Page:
2010-05-15 / News

Lakewood levy to return to ballot in August

By Scott Rawdon

HEBRON – Lakewood School Board members agreed a 9.9 mills Lakewood School District levy has the best chance of passing on the August special election ballot, even though the district has never passed a levy during a special election.

Still stinging from a very narrow defeat, 2,352-2,136, a margin of just 216 votes from the May 4 election, school board members wanted to take advantage of momentum gained after the Nov. 2009 election, when an 8.9 mills levy fell 1,798 votes in favor to 2,972 votes against – a 10 percent wider margin than the May 4 vote.

“Where do we go from here,” Superintendent Jay Gault asked board members during a special meeting Monday morning. “We got destroyed in the absentee votes.” Unofficial election results show those who voted May 4 approved the levy, but there were enough negative absentee ballots to defeat it.

According to the Licking County Board of Elections, those at the voting booths voted 1761 for the levy and 1737 against. But absentee voters voted 375 for the levy and 615 against.

Gault said the district has two opportunities to pass a levy in 2010 – a special August election or the general election in November. He said he wasn’t sure how much the Licking County Board of Elections charges for a special election, but an anonymous donor pledged $10,000 to help cover the cost.

“I don’t think we have any choice,” said Board President Joe Bowman, Jr.

Consultant Jill Campen said she was concerned that a Lakewood levy has never passed in a special election.

Bowman still thought the levy would have a better chance for success in August. He said he understood the concerns about paying for a special election, but “we need to replace revenue. I do think we have a good momentum going.” However, Bowman said that now is not the time to sugar coat anything related to the district. The time to be “politically correct” has passed, he said.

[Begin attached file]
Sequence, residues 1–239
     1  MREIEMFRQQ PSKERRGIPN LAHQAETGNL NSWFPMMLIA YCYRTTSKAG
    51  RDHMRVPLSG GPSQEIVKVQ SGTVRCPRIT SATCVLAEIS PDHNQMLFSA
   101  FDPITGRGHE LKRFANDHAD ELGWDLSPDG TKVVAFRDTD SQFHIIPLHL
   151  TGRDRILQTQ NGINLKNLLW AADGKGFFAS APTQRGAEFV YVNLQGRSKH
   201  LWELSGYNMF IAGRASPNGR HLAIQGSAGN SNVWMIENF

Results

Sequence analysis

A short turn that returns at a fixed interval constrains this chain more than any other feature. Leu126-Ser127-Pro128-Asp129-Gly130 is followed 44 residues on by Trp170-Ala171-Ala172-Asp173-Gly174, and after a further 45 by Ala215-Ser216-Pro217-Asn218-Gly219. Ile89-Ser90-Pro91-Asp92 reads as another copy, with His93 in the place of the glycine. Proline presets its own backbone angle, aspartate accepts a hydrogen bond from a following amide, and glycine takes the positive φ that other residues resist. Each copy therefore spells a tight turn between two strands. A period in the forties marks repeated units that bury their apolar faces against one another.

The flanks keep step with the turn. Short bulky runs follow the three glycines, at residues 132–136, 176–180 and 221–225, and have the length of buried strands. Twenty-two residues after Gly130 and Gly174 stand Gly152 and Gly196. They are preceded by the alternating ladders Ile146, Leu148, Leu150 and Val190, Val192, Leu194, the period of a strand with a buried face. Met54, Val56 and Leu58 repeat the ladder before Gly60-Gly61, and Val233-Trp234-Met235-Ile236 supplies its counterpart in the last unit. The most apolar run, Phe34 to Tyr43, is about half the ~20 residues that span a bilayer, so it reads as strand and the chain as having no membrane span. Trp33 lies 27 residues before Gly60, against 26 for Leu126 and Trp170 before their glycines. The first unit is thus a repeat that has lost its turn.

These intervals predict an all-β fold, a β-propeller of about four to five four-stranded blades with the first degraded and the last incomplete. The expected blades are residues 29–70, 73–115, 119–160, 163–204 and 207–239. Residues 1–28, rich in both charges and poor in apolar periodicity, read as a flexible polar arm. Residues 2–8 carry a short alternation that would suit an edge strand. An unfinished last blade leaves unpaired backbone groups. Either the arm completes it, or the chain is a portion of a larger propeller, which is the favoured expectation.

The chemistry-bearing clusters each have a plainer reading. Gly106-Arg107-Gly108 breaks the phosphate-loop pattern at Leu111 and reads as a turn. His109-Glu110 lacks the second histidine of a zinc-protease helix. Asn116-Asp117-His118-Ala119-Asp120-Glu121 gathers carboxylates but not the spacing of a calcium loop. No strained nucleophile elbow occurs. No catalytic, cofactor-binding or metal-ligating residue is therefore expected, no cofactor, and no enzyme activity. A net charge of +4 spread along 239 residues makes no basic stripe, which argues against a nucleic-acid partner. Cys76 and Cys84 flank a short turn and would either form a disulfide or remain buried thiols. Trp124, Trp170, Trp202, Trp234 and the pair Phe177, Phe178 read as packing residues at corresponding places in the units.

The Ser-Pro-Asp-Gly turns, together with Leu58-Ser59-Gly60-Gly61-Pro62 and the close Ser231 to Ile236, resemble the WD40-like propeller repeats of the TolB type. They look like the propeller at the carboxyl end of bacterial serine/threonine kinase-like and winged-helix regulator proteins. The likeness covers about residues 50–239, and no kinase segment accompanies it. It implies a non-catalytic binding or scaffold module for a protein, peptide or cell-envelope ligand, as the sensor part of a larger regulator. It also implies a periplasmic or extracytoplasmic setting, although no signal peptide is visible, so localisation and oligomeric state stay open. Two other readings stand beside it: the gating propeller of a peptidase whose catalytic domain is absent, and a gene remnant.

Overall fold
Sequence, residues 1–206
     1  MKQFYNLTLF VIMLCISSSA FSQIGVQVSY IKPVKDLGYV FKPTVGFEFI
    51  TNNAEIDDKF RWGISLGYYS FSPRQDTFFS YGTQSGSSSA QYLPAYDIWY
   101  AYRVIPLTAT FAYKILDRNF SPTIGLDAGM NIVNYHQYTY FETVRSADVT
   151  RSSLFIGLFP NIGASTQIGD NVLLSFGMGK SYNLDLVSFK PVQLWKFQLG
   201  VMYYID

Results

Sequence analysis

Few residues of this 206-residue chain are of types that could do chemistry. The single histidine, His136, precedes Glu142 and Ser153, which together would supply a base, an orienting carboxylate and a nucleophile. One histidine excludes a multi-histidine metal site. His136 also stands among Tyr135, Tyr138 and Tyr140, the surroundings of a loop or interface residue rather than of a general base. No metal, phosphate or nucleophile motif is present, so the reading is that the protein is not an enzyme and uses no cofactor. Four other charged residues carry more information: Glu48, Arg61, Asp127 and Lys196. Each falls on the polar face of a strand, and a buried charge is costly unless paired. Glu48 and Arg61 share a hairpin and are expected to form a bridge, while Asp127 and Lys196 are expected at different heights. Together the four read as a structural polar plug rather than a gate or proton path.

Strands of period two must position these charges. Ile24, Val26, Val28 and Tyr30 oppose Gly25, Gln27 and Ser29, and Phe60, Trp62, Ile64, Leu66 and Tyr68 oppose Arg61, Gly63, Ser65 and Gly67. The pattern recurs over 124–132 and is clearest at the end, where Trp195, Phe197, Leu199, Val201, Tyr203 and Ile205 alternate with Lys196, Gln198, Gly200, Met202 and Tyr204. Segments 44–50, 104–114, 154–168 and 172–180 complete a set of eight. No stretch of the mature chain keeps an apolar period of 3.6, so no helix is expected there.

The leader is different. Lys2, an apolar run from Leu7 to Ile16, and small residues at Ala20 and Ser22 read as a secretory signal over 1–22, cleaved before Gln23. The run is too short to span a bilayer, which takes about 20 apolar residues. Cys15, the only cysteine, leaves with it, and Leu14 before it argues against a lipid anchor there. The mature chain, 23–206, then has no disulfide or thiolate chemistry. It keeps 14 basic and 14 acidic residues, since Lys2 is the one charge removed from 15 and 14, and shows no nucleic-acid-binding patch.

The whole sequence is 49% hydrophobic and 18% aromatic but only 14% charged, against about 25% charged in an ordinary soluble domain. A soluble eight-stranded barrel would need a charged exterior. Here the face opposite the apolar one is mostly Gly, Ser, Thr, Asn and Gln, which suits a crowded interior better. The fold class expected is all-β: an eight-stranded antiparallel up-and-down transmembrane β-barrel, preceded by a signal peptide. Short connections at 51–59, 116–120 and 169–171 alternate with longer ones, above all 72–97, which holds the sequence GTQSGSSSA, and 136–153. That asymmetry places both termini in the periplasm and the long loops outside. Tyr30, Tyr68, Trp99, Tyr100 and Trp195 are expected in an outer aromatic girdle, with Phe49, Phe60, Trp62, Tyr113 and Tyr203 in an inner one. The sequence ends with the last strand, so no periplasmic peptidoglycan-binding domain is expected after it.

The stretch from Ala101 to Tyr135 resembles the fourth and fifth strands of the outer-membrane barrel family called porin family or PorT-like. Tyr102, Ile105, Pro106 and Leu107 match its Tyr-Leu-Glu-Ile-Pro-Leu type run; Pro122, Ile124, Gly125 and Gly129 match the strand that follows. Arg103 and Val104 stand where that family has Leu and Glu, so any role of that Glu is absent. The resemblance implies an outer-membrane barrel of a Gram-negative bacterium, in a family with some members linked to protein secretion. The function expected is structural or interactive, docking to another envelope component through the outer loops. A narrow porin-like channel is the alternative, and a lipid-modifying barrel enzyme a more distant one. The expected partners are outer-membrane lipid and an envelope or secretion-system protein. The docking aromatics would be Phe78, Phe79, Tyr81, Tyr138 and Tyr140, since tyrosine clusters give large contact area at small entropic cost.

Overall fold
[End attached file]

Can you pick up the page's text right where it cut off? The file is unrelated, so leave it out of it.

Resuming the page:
Campen said the anonymous donation toward the special election shows community support.

“We’re close (to passing a levy),” said Bowman. He said the board and district learned some good things following the levy defeat. “We’ve made huge strides in our communication,” said Bowman. “If we back off now, there’s no way we’ll pass a levy.”

Gault was clear that if a levy doesn’t pass in 2010, “all extracurricular activities are gone.” He questioned continuing to “pump money” into extra-curricular activities this autumn if the August vote fails.

Board member Trisha Good asked for a breakdown of how much extra-curricular activities cost.

“Extra-curricular activities are the least expensive benefits to students,” said Bowman. He said the district should consider cutting positions to make ends meet.

Gault said the district must cut $4.4 million from its budget if a levy doesn’t pass this year. He said the process would be similar to a recent community effort to cut $1 million from the budget, but this time it would obviously take much more work. He said “pay to play” is always an option for extra-curricular activities, but he is concerned they may become prohibitively expensive for most students.

Bowman said it’s imperative that the board communicates with the district’s voters, parents, and students in every way possible to discuss the levy and its importance. He asked each levy committee member to draft another person to help. Twice as many members mean twice as much contact with the district’s voters, said Bowman.

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